Baskett Slough: Fender's Blue a rare and wonderful sight

Road Journals Blog—I had just moved to Salem when I first heard tales of the Fender’s Blue. My neighbor told me about swarms of tiny blue butterflies blanketing a nearby sun-swathed hill for just one or two weeks at the end of May and beginning of June. He said it was not to be missed.

If you, too, have an enthusiastic neighbor, you know that stories like these can be worth checking out.


Fender's Blue at Baskett Slough. | George Gentry/USFWS Pacific

The Fender’s Blue was collected in this region as early as the 1920s, but has long thought to be extinct. Then in 1989, conservationist Paul Hammond took notice of some unidentified blue-grey butterflies that were thriving in patches of Willamette Valley prairie grasses, primarily at the Baskett Slough National Wildlife Refuge.

(The refuge protects 550 acres of native grasslands, 300 acres of forests, 500 acres of shallow-water seasonal wetlands, and 35 acres of permanent open water, mostly for visiting waterfowl and Canada geese. And now, butterflies.)


Fender's Blue on its lunch of choice. | George Gentry/USFWS Pacific

What conservationists have since learned: Fender’s Blue rely on Kincaid’s Lupine, a dainty pink, threatened prairie flower. The butterflies lay their eggs at the base of these flowers, and the larvae eat the leaves of the plant during the autumn. They then crawl down its base to hide for the winter.

Come spring they build their cocoons and prepare for the great reveal in early May and June. The Kincaid’s Lupine, and only the Kincaid’s Lupine, it must be.

If it’s a sunny day and you’ve timed it right, you might be at Baskett Slough on the day when the butterflies emerge from their cocoons. I tried it myself on a bright day last spring. I’m a sucker for ephemera, and butterflies are the kings of this category.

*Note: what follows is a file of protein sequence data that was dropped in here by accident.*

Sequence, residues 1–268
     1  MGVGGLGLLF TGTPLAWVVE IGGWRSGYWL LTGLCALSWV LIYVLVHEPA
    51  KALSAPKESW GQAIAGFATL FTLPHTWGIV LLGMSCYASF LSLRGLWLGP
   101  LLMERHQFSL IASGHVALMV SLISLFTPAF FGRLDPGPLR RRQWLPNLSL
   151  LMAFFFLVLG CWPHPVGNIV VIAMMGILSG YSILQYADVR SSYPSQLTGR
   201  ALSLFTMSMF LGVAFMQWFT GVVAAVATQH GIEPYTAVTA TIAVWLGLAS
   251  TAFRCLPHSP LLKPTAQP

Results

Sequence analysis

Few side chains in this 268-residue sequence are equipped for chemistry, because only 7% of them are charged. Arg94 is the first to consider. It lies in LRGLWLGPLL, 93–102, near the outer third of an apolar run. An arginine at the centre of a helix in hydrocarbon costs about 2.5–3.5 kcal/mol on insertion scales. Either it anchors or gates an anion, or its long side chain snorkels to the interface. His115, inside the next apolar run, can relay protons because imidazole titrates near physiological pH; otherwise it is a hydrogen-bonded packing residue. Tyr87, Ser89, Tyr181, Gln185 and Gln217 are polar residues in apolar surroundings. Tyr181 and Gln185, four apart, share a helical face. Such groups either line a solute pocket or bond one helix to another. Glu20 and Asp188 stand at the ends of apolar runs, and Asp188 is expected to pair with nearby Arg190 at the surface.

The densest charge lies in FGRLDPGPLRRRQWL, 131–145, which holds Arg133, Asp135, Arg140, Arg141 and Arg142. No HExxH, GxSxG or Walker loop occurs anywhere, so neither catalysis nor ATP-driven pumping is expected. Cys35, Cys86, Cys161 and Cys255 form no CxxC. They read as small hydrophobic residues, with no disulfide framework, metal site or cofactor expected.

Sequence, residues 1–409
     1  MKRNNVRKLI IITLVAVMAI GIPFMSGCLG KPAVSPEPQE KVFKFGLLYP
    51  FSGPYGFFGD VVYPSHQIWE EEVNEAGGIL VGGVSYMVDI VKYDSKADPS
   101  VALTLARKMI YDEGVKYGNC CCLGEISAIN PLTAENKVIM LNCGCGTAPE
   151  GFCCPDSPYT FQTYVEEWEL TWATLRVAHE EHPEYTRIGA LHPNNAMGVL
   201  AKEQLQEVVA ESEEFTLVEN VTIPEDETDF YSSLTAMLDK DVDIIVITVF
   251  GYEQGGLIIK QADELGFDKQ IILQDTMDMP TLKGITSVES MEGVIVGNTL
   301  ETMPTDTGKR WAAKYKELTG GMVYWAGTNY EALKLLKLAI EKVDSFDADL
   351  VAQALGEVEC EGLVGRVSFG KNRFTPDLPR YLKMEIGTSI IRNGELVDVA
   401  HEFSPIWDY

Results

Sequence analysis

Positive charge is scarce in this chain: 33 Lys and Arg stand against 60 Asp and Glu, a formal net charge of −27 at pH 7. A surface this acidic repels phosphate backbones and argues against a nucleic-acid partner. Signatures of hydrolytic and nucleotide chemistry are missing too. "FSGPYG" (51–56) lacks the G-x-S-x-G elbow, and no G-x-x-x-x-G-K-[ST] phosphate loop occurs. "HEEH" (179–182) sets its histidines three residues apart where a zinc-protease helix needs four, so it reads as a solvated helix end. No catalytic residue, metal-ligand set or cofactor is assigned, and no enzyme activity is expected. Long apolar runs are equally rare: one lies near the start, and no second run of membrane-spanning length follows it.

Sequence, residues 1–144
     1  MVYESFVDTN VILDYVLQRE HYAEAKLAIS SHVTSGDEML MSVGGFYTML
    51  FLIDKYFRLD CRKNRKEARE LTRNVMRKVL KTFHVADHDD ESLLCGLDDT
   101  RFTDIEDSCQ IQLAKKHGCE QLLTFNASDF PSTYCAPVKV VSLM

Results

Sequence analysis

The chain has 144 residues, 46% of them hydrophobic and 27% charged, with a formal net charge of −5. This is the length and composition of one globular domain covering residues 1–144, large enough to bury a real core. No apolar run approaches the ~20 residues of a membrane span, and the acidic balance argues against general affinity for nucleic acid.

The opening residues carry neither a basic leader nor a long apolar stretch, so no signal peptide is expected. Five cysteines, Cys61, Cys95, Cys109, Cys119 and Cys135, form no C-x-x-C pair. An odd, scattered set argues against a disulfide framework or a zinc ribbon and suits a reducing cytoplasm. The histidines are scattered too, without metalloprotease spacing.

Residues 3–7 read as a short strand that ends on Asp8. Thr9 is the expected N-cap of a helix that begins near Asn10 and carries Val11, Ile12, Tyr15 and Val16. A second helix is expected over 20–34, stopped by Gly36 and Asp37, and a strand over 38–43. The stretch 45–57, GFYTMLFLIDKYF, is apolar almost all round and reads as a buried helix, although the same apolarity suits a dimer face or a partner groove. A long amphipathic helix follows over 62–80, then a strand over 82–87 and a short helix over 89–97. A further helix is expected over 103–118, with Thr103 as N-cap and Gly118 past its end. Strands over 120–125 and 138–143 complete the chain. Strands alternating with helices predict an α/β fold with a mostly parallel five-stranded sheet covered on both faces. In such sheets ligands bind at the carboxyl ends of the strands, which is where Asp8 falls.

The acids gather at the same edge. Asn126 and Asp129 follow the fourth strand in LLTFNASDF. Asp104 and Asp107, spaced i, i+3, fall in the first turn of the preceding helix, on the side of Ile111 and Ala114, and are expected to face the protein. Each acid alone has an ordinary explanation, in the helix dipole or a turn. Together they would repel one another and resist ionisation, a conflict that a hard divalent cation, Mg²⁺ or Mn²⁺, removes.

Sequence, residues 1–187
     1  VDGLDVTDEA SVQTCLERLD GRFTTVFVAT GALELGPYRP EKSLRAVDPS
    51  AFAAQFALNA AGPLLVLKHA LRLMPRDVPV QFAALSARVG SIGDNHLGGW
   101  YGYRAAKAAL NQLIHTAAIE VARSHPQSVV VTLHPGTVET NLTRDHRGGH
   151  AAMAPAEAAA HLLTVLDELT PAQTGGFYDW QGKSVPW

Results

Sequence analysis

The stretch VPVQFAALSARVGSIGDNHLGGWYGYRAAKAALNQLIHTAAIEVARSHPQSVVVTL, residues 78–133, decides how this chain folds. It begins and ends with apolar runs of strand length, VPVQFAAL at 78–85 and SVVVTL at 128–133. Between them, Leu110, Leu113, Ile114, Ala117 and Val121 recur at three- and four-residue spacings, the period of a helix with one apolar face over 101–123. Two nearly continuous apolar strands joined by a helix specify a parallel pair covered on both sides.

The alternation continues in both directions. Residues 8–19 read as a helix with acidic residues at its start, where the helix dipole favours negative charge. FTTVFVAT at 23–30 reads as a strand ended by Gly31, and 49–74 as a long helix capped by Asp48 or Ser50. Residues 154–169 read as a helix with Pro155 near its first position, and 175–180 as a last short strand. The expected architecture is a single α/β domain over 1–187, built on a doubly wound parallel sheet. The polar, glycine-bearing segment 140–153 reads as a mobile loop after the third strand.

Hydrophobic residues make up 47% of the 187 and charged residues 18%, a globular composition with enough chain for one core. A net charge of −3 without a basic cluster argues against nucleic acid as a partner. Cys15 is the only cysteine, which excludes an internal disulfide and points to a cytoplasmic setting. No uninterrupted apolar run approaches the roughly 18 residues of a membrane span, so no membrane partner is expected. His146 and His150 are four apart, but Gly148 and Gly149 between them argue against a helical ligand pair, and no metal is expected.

I trekked up the refuge’s main hill, on a path that cuts through prairie grasses and ends up at a stunning 360-degree overlook, with a bird’s eye view of the Willamette Valley between Salem and the Cascades.

When I turned around, I saw them.

Or, rather, it.

There was only one little Fender’s Blue Butterfly, flitting around and chasing the breeze, moving in quick switchbacks, alighting briefly upon a dainty pink flower and rarely slowing down enough for me to study him closely. (I say “him” with confidence, as females have rust-colored wings.)

Yes, I came late to the party. But it was, without question, worth it.

Emily Grosvenor wrote about the Fender's Blue in the May/June 2011 issue of VIA.

This blog post was first published in May 2011. Some facts may have aged gracelessly. Please call ahead to verify information.